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Yoshi's San Francisco

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Dining Reservations

Box Office:
Open every day at Noon

Restaurant:
Closed on Mondays unless otherwise noted.

Tuesday - Wednesday
5:30pm to 9:00pm

Thursday
5:30pm to 10:00pm

Friday & Saturday
5:30pm-10:30pm

Sunday
5:00pm-9:00pm

Bar/Lounge:
Open at 5pm Tue-Sun
Happy Hour 5-7pm daily!


Yoshi's San Francisco
1330 Fillmore Street
SF, CA 94115
Phone: 415.655.5600




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Jazz Club
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NGUYEN LE feat. Charged Particles with special guest Vanessa Vo

October 31, 2012


Few musicians embody the word "fusion" more than Parisian-born guitarist Nguyên Lê. For the past 25 years he's been mining a combination of fusion by the more conventional definition—the infusion of rock energy into the jazz sphere—with fusion in a broader sense, the seamless integration of music from cultures around the world. (All About Jazz)

Wednesday, Oct 31

  • 8pm $18


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Born in Paris from Vietnamese parents, he began to play drums at the age of 15, then took up  guitar & electric bass. After graduating in Visual Arts, he majored in Philosophy, writing a thesis on Exoticism. Then he devoted to music, creating "ULTRAMARINE" (1983), a multi-ethnic band whose CD "DÉ"  has been considered "1989's best World Music album"  Philippe Conrath,  Libération.

Nguyên LE is a self-taught musician, with a wide scope of interests:  Rock & Funk (Jim Cuomo, Madagascar tour 84), Jazz standards & contemporary Jazz (bass player with Marc Ducret, guitar player with Eric Barret), Improvised Music (Yves Robert),  Singers (Ray Charles),Contemporary Music  (André  Almuro, Tona Scherchen, Marius Constant, Mauricio Kagel), Ethnic Music: African & Caribbean with  ULTRAMARINE, Algerian with Safy Boutella & Cheb Mami, Indian with Kakoli, Turkish with Kudsi Erguner, Vietnamese  with  his "Dan Bau" (traditional one-stringed instrument) teacher Truong Tang.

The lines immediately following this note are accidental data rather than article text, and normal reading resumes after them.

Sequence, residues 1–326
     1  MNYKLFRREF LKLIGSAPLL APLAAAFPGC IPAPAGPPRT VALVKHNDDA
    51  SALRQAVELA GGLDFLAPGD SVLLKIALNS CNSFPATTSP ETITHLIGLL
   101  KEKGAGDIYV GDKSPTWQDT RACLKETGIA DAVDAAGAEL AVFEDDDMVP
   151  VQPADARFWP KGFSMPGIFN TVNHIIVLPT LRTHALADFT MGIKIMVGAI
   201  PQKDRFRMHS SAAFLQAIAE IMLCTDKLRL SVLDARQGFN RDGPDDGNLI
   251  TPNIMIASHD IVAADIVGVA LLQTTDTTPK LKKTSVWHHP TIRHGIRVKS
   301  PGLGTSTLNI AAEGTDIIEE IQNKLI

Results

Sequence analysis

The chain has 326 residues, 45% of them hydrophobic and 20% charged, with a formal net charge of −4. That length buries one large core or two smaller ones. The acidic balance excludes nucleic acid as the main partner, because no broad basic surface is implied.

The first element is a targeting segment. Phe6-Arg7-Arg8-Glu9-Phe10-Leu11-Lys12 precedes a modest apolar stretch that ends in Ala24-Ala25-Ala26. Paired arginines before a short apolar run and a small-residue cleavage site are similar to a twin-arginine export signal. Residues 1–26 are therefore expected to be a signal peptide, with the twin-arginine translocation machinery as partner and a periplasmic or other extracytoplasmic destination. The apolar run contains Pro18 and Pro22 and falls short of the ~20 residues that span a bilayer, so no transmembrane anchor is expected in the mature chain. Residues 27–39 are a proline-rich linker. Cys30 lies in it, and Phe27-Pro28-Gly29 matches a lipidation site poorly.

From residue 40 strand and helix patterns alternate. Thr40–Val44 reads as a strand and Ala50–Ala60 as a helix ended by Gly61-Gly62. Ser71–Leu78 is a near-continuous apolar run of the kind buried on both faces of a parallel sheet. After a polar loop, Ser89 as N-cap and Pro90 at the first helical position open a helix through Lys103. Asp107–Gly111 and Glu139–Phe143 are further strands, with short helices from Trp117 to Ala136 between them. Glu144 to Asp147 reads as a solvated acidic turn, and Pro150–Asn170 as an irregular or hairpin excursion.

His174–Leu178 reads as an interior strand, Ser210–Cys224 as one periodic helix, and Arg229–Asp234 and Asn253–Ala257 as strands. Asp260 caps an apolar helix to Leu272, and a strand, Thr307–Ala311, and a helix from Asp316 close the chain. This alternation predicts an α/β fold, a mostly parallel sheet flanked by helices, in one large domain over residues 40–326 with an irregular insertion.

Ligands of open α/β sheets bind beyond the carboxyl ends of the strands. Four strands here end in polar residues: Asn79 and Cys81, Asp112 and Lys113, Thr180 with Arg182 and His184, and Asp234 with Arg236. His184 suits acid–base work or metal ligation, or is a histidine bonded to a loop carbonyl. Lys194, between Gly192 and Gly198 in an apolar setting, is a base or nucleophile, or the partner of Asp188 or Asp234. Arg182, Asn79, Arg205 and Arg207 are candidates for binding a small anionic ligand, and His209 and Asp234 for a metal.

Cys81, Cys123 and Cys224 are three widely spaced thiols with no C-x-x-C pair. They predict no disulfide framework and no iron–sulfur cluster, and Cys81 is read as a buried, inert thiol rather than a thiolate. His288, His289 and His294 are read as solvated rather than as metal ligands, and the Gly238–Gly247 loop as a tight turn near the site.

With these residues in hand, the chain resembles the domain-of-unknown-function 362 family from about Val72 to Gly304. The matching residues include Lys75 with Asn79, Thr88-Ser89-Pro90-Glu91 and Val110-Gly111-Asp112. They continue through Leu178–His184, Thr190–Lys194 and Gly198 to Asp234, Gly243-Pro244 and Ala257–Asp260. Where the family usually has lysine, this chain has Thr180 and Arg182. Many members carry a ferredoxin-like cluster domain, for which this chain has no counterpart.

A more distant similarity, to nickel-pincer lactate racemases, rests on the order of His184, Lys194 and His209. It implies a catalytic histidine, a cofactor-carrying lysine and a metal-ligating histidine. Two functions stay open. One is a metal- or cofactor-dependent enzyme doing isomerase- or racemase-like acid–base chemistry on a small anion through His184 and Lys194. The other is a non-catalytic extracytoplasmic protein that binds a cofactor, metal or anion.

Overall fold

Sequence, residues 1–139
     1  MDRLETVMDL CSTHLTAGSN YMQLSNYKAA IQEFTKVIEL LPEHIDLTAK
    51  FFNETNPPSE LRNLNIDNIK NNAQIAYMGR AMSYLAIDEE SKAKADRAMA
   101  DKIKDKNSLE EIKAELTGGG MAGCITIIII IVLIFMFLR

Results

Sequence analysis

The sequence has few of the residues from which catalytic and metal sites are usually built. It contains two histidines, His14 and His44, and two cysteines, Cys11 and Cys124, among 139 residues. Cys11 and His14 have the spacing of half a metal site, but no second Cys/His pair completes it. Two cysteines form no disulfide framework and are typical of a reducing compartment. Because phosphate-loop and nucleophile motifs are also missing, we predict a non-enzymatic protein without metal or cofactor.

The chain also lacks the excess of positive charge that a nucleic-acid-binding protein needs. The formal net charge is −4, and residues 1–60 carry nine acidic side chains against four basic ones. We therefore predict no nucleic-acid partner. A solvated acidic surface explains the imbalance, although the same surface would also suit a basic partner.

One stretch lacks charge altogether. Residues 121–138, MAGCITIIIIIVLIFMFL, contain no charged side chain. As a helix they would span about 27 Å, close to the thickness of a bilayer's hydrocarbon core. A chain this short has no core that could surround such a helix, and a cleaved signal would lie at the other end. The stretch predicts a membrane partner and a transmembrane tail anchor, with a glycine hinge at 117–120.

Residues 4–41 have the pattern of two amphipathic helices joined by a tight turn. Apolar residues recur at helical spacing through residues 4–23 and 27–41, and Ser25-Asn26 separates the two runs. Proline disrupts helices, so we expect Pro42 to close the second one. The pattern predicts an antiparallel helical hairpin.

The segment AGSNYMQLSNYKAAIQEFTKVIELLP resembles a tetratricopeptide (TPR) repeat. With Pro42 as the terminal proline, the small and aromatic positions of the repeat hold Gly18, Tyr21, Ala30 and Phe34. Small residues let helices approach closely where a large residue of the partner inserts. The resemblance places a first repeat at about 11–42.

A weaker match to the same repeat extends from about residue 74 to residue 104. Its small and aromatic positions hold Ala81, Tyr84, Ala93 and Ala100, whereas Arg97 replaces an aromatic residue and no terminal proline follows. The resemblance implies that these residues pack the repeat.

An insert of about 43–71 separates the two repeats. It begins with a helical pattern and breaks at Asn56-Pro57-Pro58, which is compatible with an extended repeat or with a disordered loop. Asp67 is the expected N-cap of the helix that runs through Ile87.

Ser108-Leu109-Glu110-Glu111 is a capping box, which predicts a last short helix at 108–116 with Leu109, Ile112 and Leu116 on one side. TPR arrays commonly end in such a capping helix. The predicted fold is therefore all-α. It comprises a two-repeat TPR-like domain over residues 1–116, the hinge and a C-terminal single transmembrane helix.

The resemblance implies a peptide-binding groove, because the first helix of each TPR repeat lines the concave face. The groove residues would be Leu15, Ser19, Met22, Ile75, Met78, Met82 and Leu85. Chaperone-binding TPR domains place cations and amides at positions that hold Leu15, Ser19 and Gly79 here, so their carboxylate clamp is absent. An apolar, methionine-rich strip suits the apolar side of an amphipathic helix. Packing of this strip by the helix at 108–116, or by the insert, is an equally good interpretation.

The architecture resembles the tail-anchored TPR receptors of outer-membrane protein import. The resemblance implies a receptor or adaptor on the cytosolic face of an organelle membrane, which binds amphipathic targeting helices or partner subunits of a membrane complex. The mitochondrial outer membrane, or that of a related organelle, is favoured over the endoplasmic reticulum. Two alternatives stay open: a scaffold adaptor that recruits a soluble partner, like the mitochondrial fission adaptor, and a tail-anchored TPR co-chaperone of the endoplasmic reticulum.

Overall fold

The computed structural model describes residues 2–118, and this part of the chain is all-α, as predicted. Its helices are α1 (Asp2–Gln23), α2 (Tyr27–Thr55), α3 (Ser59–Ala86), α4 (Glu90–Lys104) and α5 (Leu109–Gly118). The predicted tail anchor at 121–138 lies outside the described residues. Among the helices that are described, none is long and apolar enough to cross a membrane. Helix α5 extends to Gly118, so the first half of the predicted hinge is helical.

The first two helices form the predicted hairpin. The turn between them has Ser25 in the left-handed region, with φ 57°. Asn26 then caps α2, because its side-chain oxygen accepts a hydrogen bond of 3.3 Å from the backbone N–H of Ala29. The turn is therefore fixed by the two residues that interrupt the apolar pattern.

Nguyen Le's website

 

VANESS VO:

  Van-Anh devotes her life-long passion and mastery of the dan tranh zither to the creation of distinctive music blended with a cultural essence that can only come from this unique Vietnamese instrument. Among her accomplishments are the 2009 Emmy® Award-winning soundtrack for the documentary “Bolinao 52”, which she co-composed and recorded, and the soundtrack for the Sundance best documentary and 2003 Academy Awards® nominee “Daughter from Danang”. Van-Anh also co-composed and recorded for the recent documentary “A Village Called Versailles”, winner of the New Orleans Film Festival Audience Award.
     Van-Anh began studying dan tranh from the age of four, and graduated with distinction from and taught at the Vietnam Academy of Music. In 1995, Van-Anh won championship in the Vietnam National Dan Tranh Competition along with the first prize for best solo performance of modern folk music. She has since performed in more than fourteen countries and recorded in many broadcast programs inside and outside of Vietnam. Her first CD “Twelve Months, Four Seasons” was released in 2002.
     In addition to dan tranh, Van-Anh also performs as soloist on the monochord (bau), the 36-string hammered dulcimer (dan tam thap luc), the bamboo xylophone (dan t’rung), the k’longput, traditional drums (trong), and Chinese guzheng.

Vanessa Vo's website

 

Charged Particles:

The most exciting and creative music being made today crosses stylistic boundaries and blends multiple traditions to create vital new sounds.  Charged Particles features three of the country's virtuosos doing just that for in the electric jazz arena.  Murray Low is a keyboard wizard whose dazzling Latin-jazz technique and imaginative improvisational skills boggle the mind.  Jason Muscat is an inventive and sophisticated electric bassist.  Along with fiery drummer Jon Krosnick, these players are making some of the most electrifying jazz in the country today.The trio's repertoire blends jazz styles with elements from Latin music, classical music, funk, and more.  The group's original compositions are mixtures of elaborate orchestration and opportunities for creative improvised solos.  And they bring a similar approach to playing arrangements of tunes by other jazz artists and traditional jazz standards, including favorites by Cole Porter, Duke Ellington, Richard Rogers, and other composers of America's most popular songs from decades ago, each played with a new twist.